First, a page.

Benetton CEO Massimo Renon on reopening in Paris; building worldwide; and future growth
Six months after a neighborhood fire scarred the center of Paris, destroying Benetton’s main French boutique, the Italian marque reopened its flagship this week, repainted in pink, expressing a newfound optimism for the brand’s future.
DJ Joséphine de la Baume spun disks; design giant Jean-Charles de Castelbajac enjoyed shooting selfies with pals; and scores of French hipsters quaffed on champagne and checked out the three-floor boutique. Like every brand in fashion, Benetton went through a couple of difficult years due to Covid, but the Venetian marque has been rebounding smartly.
Notably with the airy new revamp in the Paris store, which now boasts huge glass windows and doors in its particularly great location - overlooking the Palais Garnier, the famed neo-classical opera house of Paris. Which is where we caught up with Massimo Renon, the CEO of Benetton.
After several years of quotation on the Milan stock market, the Benetton family bought back control of the brand in 2012, and fully owns the marque today. It’s most famous scion and clan leader Luciano Benetton is the present chairman. However, Renon holds the management reins of Benetton, which scored double-digit growth last year to close to €900 million. Complete figures will be released later this month.
So, here is Renon’s vision of the future of Benetton, a brand that pretty much invented democratic fashion; building brand equity with its revolutionary ad campaigns, decades before fashion became rightly obsessed with inclusivity.
“It’s great to open this week as we are benefitting from a moment of incredible energy in Paris. I just landed in Charles de Gaulle and there were lots of flights; and the city is suddenly full of tourists. Of course, it’s not 100% back, but the atmosphere is still great! After this very unfortunate accident it’s great to come back with enthusiasm and energy,” smiled Renon.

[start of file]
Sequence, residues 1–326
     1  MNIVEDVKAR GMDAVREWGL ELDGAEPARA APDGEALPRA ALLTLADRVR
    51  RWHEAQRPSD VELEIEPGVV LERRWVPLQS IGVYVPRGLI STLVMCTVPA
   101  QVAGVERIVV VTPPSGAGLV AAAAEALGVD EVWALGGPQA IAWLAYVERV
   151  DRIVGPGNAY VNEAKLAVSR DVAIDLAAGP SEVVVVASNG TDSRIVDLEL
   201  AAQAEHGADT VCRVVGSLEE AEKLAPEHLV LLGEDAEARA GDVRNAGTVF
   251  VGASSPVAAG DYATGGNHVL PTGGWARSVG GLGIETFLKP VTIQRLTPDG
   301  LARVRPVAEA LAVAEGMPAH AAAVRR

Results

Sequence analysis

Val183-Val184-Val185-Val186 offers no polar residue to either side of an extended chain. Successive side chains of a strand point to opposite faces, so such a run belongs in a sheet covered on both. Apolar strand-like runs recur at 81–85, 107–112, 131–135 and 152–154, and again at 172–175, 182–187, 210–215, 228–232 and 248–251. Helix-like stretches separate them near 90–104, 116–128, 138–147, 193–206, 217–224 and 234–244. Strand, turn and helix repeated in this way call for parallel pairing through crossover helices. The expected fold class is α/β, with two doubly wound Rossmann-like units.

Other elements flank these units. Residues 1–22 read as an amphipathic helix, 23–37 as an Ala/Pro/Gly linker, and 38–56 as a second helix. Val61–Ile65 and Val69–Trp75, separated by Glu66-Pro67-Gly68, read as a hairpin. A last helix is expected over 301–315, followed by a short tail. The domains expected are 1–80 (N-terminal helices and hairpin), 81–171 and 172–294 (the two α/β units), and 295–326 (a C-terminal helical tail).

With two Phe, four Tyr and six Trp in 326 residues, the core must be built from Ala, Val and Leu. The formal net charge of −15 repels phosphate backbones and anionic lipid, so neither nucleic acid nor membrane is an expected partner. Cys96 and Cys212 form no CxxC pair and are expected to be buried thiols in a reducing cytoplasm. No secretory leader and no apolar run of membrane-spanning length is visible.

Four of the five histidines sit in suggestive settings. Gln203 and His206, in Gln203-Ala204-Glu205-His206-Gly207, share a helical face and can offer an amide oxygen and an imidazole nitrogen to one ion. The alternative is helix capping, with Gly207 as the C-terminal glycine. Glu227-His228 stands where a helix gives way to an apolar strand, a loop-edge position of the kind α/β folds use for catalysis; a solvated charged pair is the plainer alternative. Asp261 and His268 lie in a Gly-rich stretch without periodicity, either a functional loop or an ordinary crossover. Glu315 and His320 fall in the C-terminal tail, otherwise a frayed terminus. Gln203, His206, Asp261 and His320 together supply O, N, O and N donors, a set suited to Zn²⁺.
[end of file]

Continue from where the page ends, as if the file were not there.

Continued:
“We’ve opened all the windows on the ground floor, painted the walls pink, let in much more light, and you can see how beautiful is. It’s a great 800 square meters over three floors,” opined Renon, who oversees the group’s key three brands – United Colors of Benetton, Sisley and Undercolors of Benetton.
In France, Benetton has 73 retail doors, with 65 directly controlled, mostly based in department stores, especially with Galeries Lafayette. Worldwide, Benetton boasts nearly 4,000 sales points; 1,500 directly controlled; and then over 2,500 wholesale clients, albeit selling in mono-brand boutiques. In Korea, the brand is heavily weighted into local department stores, while in Holland they have partnered with the de Bijenkorf chain.
Hence, their retail business model is a mix, even if the brand is vertically integrated with its own factories, and a supply network spread across the Mediterranean, with plants in Tunisia, Serbia and Croatia, along with some knitting still in Italy.